So what do this year's figures tell us? Rates of new house building are way below the rates of new household formation. Put another way, overall, demand for housing is rising. This shows in increased waiting lists, more homelessness acceptances, lower mortgage take up and higher rent levels in the private rented sector which in turn lead to more working families being eligible for housing benefit. With rent taking a higher proportion of disposable income comes, for me, the most telling phrase in the NHFs report: "Aspiration is stopped in its tracks".

I've been cautiously welcoming of the recent approach from government - what's not to like about a further £300m mini-round of the Affordable Homes programme and the prospect of a £10bn loan guarantee fund? But Minister - there is more that can be done; and it doesn't need to cost the government anything, there are three steps the Government could take that would ease the housing situation without needing funds throwing at them.

Firstly, please start to get tough with other departments that won't release their unused public land to provide sites for the new homes we so desperately need. Secondly, please give us certainty about our income stream in the medium term - we are doing our budgets now for 2013/14 and the current rent formula runs out the following year in 2015. Either tell us what the new arrangements beyond that date will be, or, even better, give us the freedom to set (within some form of local cap) our own rents in the light of local markets. Thirdly, echoing Jake Berry's call in The Spectator can we have some kind of land tax that encourages reluctant developers with land to build it out rather than just to sit on it.

And my PS? To be covered another time - but is anyone else intrigued by what's going on in local government at the moment? Civic leaders have woken up to the fact that outsourcing services is not the answer, that big is not always beautiful. When the leader of Britain's second city comes out and says as much, others really should start to listen. Who knows where this will lead - could merger mania within our own sector be the next conventional wisdom to bite the dust? Cosmopolitan anyone?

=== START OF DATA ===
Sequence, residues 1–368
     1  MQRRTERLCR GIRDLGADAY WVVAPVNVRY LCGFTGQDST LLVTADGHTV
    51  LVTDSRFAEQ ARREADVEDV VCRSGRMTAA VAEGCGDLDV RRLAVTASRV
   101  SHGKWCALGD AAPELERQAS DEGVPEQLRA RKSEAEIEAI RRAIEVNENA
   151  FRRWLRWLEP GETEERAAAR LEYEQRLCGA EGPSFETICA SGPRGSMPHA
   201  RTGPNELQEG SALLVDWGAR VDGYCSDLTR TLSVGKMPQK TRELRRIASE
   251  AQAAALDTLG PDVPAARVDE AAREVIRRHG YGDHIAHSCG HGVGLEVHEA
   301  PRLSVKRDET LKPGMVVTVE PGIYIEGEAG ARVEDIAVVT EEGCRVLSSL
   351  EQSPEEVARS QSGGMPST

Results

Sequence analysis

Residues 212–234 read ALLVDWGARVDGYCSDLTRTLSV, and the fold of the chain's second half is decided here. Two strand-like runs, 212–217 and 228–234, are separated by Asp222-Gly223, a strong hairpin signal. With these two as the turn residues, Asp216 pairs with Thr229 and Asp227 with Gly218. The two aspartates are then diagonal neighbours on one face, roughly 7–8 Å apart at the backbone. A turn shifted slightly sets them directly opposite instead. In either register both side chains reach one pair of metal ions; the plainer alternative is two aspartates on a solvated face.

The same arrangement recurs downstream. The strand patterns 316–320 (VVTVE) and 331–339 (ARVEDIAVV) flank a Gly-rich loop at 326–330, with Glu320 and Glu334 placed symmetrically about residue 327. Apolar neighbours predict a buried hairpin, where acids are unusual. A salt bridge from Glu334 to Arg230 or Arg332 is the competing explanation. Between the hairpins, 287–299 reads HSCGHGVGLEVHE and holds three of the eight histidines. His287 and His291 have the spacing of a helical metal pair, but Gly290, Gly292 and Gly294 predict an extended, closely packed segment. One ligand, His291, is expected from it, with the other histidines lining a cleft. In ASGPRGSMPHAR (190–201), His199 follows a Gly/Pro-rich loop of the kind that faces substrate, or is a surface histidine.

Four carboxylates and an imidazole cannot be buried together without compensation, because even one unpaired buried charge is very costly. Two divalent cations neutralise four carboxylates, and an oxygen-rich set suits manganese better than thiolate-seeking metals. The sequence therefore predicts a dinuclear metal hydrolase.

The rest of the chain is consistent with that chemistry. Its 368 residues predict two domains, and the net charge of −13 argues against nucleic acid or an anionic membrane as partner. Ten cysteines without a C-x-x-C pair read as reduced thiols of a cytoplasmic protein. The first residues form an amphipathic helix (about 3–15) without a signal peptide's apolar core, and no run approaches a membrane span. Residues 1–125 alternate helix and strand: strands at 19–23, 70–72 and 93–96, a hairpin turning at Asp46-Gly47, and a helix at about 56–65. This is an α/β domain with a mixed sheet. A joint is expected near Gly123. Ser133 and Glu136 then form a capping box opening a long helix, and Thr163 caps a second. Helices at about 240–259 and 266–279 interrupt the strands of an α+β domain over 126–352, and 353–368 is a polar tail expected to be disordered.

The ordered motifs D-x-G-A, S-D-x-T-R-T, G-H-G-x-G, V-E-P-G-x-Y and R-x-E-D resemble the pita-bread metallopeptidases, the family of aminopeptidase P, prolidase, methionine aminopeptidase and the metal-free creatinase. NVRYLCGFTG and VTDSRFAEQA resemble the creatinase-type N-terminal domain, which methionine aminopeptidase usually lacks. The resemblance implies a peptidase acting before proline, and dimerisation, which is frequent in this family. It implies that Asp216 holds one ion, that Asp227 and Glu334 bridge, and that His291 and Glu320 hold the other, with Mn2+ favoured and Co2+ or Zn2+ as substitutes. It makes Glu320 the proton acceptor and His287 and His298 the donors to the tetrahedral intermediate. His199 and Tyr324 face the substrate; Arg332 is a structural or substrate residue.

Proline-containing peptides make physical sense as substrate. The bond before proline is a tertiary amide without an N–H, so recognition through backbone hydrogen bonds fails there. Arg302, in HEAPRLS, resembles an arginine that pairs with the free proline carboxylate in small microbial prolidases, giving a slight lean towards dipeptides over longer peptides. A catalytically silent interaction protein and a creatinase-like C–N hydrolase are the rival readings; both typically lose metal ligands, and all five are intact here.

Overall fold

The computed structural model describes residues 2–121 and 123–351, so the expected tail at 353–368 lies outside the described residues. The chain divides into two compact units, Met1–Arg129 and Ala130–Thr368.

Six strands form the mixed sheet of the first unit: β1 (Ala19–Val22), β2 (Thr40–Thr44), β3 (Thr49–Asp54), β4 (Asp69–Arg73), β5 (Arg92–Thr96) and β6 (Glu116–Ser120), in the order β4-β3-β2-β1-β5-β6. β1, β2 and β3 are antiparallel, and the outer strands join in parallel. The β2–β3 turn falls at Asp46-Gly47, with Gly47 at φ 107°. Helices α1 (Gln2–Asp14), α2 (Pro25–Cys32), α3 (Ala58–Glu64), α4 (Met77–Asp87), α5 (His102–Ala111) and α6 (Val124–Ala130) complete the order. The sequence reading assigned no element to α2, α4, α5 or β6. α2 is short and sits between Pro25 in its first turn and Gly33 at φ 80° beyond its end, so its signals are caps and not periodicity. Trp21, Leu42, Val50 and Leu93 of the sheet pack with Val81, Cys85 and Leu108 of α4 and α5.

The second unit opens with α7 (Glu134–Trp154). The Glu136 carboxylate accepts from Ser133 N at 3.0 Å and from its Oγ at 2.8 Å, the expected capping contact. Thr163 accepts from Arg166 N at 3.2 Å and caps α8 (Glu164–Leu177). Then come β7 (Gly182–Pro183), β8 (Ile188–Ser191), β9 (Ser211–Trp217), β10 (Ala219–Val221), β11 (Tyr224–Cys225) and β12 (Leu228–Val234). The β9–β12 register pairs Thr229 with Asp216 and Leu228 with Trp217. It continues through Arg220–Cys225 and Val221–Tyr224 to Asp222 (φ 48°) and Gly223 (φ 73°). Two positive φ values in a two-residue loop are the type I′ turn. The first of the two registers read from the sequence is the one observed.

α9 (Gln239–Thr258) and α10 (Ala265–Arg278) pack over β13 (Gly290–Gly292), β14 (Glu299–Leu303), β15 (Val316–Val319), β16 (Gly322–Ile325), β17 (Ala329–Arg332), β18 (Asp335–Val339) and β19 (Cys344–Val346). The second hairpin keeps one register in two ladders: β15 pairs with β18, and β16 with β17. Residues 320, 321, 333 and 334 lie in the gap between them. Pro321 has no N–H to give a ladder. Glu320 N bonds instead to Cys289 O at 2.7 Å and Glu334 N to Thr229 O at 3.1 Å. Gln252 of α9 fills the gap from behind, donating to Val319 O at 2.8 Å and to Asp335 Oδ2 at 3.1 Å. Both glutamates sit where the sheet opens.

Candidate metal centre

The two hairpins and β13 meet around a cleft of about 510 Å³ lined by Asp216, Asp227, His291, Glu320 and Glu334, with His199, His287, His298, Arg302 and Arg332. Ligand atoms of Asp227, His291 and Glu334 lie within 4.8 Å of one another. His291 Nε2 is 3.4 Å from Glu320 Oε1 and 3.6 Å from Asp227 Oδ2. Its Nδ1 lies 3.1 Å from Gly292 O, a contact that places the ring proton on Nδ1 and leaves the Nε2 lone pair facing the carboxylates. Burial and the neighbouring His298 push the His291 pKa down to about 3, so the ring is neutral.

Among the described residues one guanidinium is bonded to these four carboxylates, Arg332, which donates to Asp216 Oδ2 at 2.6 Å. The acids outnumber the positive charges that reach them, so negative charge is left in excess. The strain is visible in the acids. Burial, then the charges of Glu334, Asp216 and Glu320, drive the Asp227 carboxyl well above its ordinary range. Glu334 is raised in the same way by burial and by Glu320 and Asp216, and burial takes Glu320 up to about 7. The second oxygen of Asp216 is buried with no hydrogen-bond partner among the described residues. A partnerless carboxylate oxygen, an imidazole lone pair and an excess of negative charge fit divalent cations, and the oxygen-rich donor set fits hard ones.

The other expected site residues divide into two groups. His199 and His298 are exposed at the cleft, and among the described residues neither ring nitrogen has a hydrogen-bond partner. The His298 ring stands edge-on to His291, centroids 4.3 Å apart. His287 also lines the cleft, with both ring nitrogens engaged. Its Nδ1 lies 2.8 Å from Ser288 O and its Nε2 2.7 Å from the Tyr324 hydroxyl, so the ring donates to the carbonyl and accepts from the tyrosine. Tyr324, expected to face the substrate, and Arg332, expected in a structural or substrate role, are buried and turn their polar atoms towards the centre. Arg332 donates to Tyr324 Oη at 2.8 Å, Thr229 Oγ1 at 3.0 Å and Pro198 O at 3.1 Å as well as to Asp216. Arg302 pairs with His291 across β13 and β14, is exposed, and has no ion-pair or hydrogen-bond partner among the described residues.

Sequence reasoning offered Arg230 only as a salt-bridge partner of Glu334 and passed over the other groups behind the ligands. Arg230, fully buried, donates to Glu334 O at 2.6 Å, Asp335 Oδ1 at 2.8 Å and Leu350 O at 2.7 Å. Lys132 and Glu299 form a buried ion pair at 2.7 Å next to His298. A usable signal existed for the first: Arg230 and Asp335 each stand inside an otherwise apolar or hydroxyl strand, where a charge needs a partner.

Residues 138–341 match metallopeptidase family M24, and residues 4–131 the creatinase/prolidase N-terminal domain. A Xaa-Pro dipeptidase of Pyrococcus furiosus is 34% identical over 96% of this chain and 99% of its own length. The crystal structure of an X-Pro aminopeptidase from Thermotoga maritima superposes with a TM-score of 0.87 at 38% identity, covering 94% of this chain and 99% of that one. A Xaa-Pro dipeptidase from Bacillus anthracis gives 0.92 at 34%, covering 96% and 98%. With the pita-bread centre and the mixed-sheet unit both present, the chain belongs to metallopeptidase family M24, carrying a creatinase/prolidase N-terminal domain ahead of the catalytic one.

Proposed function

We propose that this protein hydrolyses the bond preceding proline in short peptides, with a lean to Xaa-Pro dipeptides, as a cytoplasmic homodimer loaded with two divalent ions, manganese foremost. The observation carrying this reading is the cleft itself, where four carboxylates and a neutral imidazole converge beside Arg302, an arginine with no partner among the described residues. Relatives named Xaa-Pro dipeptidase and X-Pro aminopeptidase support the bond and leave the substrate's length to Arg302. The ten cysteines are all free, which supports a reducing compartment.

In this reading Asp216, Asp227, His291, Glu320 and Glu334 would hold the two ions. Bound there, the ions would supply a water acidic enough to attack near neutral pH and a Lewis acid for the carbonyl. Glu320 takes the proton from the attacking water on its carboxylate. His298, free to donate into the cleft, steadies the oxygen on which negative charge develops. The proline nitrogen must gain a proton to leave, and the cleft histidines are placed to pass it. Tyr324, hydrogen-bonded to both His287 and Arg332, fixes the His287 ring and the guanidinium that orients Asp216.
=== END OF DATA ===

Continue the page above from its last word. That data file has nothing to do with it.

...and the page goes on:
Wednesday, 17 October 2012

Strivers, Skivers and Trafford Treasures

On the one hand strivers, on the other, skivers.
This isn't particularly topical, it's not even an especially new slant on an old problem, but I believe it is important. We are at real risk of ignoring some inconvenient truths. From time immemorial, attempts have been made to classify, to categorise and to divide: whether into sheep and goats, or saints and sinners, deserving and undeserving poor, or, in the latest version, David Cameron's "skivers and strivers".

Now I'm as big a fan of digital as anyone, and, of course, digital is powered by binary "off/on" logic. I want to see digital expand into even the most unlikely corners of what housing organisations do (look out for that topic on the blog in future...), but even I don't want to extend that binary logic into a classification of human society. "Strivers and skivers" is so dangerous because it is on the surface so appealing. It's a message that seems easy to understand: we all know what a striver looks like - we house many of the hard-working families that the term conjures up. They are the people who put back into society, the ones who play by the rules. And yes, we also house some people who are skivers. 

But look at examples and this all gets more complex, more difficult. Let's take Family A: both adults work, but despite two incomes they still need to claim tax credits and housing benefit. Striver or benefit-dependent skiver? (By the way, living wage campaign anyone? - we've signed up to it and you could too). Or how about Family B: single mum, not working because the last of her four children from two different fathers isn't yet a year old - classic skiver material eh? Now add in the fact that she is the pillar of her local community, volunteering her time to organise events for children, helping out whenever she can, being an active citizen and living the Big Society ideal. Not so straightforward now is it? And that's before we add in the feral rich and the tax-avoiding corporations - where do they sit in world of only strivers and skivers?

All this was thrown into stark focus for me last week when we held our annual Trafford Treasures awards night, recognising the people in our local community who do things not because they have to, not for money, but just because they want to. These are the people who really put back into their society despite the fact that some of them would probably fall into the tabloid definition of skiver.  Real people with complex lives, doing their best to find their way in a turbulent world.

The night was full of heart-warming stories - an 11-year-old raising more than £1,000 for cancer charities in memory of those in his family who have died from the disease; a new allotment group committed to a green lifestyle and healthy eating; a volunteer in our sheltered schemes and a young mum who is turning a once-troubled estate into a great place for everyone. It's always a fabulous night, but this year one winner really stuck in my mind. An ex-international boxer, now on kidney dialysis, but still putting in his stint training local youngsters in his sport. As the night drew to a close, with a beaming smile and the strongest handshake I've been given for a long time, this man, Winston, said to me, "your recognition has inspired me to keep on helping those youngsters - I will keep going now."